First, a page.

IS 'not a state, not justified by Islam': top Egyptian cleric
January 26 2015 07:11 PM
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Sheikh Shawki Allam, the Grand Mufti of Egypt, delivers his speech at the Islamic Religious Council of Singapore (MUIS) in Singapore.   AFP

AFP/Singapore

The Islamic State (IS) group, which has sown a trail of terror across Syria and Iraq, is neither a state nor justified by Islam, Egypt's top Muslim cleric said Monday.
"We have already asserted that we should never use the term Islamic State for ISIS," Egypt's Grand Mufti Sheikh Shawky Allam said at a public forum in Singapore.
"It is not a state in the first place, neither is it justified by any Islamic justification," he told the packed gathering, which was organised by the city-state's Islamic Religious Council.
"The establishment of any Islamic state will need to go to its roots, its basis and foundations," he said through an interpreter when asked if the formation of the group, also known as the Islamic State of Iraq and Syria (ISIS), was in line with Islamic law.
Since the group emerged in its current form in 2013, its militants have captured large swathes of territory in both Syria and Iraq.
It has declared an Islamic "caliphate" in territory under its control, and gained a reputation for brutality, including torture and beheading of its captives.
In its latest act of brutality, the group said Sunday it had executed one of two Japanese hostages it has been holding, apparently by beheading him.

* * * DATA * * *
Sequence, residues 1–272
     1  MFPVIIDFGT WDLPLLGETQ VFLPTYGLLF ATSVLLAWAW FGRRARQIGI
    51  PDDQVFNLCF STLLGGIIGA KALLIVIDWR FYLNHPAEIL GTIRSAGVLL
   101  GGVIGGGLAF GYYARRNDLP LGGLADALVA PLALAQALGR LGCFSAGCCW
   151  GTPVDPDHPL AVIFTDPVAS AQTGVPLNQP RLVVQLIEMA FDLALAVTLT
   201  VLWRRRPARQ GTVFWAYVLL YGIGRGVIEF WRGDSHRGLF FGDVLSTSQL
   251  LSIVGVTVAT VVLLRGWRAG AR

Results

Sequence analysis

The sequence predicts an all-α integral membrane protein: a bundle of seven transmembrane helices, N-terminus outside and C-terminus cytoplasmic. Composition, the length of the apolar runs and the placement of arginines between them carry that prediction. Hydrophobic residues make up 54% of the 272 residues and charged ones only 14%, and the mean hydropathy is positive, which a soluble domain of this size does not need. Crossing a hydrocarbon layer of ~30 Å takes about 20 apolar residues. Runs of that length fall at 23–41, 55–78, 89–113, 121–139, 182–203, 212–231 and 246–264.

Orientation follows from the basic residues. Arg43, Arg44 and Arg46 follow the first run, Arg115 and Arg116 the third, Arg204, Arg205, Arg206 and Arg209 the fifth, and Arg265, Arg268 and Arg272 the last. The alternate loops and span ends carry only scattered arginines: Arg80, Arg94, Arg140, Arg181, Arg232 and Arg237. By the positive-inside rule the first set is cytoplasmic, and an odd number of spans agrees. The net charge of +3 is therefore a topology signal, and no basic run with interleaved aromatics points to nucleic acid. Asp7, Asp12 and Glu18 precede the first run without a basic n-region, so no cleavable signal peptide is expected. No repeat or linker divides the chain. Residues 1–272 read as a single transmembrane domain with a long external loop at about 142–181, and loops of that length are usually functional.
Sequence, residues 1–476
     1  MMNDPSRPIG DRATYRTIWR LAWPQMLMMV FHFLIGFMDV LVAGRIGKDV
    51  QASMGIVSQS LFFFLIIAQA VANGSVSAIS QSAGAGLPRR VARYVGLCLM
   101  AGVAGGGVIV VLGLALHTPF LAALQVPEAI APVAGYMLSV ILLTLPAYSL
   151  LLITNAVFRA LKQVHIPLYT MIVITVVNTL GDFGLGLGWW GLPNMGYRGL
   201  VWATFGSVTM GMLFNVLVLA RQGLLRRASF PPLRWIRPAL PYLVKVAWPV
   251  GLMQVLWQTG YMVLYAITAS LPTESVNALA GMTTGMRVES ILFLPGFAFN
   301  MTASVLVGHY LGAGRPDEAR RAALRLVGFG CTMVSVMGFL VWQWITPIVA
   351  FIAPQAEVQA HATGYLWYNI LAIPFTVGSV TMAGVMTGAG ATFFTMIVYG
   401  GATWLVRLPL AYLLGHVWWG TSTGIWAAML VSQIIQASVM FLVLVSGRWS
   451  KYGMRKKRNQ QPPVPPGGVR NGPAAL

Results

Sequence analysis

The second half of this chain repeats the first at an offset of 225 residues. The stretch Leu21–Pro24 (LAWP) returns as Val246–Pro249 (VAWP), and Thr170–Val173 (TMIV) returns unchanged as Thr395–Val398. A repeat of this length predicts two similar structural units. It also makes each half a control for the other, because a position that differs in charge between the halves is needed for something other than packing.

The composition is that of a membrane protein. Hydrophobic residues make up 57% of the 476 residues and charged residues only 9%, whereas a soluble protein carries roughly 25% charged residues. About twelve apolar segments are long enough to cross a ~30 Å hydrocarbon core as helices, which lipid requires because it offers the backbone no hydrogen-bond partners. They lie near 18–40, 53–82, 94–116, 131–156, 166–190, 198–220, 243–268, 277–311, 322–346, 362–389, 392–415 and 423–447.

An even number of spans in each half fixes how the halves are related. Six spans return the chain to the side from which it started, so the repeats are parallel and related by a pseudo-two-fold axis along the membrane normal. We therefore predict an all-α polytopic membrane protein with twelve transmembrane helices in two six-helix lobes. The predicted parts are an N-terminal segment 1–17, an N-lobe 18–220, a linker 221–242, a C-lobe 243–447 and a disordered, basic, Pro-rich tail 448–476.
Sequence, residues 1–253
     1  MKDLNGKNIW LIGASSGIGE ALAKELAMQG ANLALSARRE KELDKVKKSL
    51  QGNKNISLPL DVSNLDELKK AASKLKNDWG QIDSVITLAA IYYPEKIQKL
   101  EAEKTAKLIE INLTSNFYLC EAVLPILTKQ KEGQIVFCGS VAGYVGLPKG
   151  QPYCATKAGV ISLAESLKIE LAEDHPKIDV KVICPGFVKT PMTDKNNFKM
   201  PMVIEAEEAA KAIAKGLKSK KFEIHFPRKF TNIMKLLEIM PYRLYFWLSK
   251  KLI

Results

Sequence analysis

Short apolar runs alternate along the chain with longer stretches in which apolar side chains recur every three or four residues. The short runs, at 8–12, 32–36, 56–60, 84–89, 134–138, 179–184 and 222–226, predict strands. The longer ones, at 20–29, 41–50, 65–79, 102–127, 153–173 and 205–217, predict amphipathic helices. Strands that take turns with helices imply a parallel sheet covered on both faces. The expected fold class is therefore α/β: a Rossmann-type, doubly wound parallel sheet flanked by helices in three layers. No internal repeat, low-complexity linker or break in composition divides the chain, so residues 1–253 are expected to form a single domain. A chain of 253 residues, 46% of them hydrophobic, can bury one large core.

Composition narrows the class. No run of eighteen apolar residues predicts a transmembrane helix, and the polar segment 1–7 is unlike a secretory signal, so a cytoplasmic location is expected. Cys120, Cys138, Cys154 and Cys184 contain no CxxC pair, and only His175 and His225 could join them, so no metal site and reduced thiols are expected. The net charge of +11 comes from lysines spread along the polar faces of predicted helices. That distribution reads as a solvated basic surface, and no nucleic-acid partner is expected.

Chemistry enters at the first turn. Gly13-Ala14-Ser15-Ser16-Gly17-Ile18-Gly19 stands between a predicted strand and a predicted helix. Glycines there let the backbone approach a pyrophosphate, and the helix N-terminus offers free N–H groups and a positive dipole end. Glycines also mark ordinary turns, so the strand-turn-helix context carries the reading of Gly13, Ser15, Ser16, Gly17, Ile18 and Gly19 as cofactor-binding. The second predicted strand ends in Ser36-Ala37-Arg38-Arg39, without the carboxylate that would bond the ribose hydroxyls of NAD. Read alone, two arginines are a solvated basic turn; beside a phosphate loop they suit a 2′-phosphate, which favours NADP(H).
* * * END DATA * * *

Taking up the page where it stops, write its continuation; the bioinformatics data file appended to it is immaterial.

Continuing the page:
Sheikh Allam said the group was misrepresenting Islam.
"The main intention of Allah is certainly not the destruction, killing or war," he said.
"What we seek is stability. If these people are there to only cause destruction, and you say you do it in the name of Islam, certainly this is not what Islam is about."
Sheikh Allam also said the publication of Prophet Mohammed cartoons by the French satirical magazine Charlie Hebdo "affected our emotions deeply" but stressed that "we have to deal with this issue in a rational manner".
Two Islamist gunmen this month attacked the Paris office of the magazine, leaving 12 people dead, including some of Charlie Hebdo's top cartoonists. Five more people were killed in related attacks by a separate gunman.
"When someone has committed a crime in any country, there are ways to ensure this matter is raised through proper channels," the cleric said.
"Anything we do must be just -- that is the basis of Islam."

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